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Long Term Property Tax Strategy

Property taxes are the key revenue source for the City of North Vancouver. Due to their importance to both residents and local business, it is prudent for the City to periodically evaluate the structure and basis of the tax levy and how the tax structure may be affecting the various taxpayers in the community, both in the residential, business and industrial sectors.

Within the last ten years, the City of North Vancouver has completed two public processes to develop a long term property tax strategy - in 2005 and further refined in 2009. These reviews occurred through the efforts of a Sub-committee made up of City residents, staff and several consultants.

The 2005/2009 long term property strategy review established the following goals for tax strategy change:

  1. To equalize the Light Industry (Class 5) tax rate with the Business (Class 6) tax rate (achieved in 2010).

  2. To adjust the Business (Class 6) tax rate over a ten year period so that the tax ratio to the Residential Class (Class 1) is no higher than the regional median.

In general, these strategies were developed in response to various concerns about property taxes raised by the City's business community and general public. Many of these issues are common to other municipalities throughout Metro Vancouver and British Columbia; however each municipality has unique issues based on the specific balance and type of properties in their community.

For the City of North Vancouver, the unique challenges we have faced in achieving Goal 2 in the strategy are related to several factors, including:

  1. The Major Industry (Class 4) Port Properties tax rate cap: all but one of the City's Class 4 properties enjoy a legislated exemption from any increases to property taxation. This shifts taxes onto the other tax classes, principally business and residential.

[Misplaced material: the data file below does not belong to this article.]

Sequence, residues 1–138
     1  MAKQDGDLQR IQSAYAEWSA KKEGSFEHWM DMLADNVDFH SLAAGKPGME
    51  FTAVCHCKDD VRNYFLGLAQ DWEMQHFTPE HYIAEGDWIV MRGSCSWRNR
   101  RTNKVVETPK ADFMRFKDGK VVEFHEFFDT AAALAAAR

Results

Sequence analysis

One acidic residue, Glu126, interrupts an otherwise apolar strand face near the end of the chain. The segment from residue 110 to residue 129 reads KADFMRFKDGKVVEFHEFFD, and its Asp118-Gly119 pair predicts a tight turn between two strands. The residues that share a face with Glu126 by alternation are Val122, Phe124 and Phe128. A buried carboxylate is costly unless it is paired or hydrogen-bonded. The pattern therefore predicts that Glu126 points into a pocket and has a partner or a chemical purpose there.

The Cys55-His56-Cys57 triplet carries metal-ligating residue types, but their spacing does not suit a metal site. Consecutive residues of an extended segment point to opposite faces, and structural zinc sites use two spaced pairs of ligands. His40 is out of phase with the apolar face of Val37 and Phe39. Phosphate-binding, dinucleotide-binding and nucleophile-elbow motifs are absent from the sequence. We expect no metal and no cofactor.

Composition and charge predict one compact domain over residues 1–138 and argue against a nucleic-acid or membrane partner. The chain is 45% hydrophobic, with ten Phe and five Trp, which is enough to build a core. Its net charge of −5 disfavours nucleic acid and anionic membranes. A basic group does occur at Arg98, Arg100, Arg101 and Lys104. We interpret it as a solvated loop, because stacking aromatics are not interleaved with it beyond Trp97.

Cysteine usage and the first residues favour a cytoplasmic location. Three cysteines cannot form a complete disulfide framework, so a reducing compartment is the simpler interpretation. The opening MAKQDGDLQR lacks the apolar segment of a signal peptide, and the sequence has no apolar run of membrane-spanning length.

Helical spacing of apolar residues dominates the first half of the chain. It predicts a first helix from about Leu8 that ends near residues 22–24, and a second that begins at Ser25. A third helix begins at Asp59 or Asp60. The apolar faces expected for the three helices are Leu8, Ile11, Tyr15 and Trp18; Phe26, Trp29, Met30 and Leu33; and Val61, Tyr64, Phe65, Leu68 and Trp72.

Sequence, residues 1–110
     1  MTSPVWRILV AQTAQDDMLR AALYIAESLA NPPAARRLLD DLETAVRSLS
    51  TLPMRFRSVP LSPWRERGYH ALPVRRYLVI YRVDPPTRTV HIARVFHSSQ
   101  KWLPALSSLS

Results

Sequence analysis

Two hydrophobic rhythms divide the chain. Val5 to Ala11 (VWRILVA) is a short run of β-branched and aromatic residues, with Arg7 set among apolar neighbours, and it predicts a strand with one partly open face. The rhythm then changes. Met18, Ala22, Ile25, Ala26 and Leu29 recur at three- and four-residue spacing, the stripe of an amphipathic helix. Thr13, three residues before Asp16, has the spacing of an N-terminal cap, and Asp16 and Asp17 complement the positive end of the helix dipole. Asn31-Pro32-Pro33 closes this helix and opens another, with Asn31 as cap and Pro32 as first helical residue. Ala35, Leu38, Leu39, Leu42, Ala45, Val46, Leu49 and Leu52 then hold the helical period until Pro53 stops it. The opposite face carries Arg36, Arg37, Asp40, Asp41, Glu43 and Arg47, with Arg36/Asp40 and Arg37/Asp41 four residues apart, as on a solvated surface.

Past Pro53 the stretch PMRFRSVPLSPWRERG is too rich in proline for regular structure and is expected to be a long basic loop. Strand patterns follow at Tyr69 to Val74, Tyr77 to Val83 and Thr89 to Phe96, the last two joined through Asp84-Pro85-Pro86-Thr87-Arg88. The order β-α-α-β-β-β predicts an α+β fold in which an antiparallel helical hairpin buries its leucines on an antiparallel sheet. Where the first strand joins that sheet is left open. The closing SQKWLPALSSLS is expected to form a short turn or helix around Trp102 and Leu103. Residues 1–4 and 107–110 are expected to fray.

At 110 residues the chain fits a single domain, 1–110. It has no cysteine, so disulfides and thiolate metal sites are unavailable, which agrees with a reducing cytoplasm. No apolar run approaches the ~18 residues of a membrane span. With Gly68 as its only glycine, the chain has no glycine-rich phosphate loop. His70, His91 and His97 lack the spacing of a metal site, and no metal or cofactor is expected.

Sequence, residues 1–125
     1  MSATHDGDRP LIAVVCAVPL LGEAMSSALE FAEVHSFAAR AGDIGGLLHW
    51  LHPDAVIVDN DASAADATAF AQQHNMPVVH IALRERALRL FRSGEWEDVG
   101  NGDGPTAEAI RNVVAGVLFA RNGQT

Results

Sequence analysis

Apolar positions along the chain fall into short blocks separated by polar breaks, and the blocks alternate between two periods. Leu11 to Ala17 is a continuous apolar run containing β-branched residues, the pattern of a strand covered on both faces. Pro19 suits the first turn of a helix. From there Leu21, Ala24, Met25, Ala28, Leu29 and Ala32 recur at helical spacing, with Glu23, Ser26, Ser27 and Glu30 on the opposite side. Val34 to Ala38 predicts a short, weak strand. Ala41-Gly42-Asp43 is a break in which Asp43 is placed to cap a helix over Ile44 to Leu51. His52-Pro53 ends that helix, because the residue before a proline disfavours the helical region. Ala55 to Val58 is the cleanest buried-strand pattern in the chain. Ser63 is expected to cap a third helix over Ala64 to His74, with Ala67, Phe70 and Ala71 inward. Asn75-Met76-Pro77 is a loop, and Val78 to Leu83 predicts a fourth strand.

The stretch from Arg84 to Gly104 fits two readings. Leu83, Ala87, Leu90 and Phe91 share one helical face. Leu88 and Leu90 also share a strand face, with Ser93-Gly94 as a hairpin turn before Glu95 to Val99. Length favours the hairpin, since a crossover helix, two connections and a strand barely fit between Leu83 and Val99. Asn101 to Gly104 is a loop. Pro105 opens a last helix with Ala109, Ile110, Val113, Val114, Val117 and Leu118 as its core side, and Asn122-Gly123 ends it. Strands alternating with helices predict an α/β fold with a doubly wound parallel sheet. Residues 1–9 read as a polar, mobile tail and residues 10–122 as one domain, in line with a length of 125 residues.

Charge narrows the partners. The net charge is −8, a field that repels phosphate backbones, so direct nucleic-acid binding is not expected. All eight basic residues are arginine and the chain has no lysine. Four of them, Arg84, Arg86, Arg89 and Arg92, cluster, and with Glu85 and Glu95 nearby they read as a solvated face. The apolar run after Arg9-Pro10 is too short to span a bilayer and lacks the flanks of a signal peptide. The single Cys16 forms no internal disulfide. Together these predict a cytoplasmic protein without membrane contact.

2. Lack of access to other revenue sources which could serve to reduce the reliance on property tax revenue.

  3. Substantial growth within the residential sector which makes it difficult to lower the ratio of the business rates to the residential rates. In the case of property taxes, as values rise, rates fall. Because the Residential Class has experienced substantial increases in values, tax rates continue to decrease. The Business Class has not increased as dramatically in value; therefore its rates have not decreased to the same level as the Residential Class. Under these circumstances, the ratio between the two rates is difficult to influence.

At this point, in spite of several years of shifting the tax burden from commercial to residential properties, the City has been unable meet its second goal of making any substantial shift in the tax rate ratio between Residential and Business tax rates. The City is now in the process of exploring other ways to maintain equity between the Business and Residential Property Classes, while remaining competitive with other jurisdictions, and continuing to be financially sustainable.

Staff continue to seek options for Council's consideration.




Contact Info

Barb Johnson
Revenue Accountant
Tel: 604-990-4227
Email: bjohnson@cnv.org

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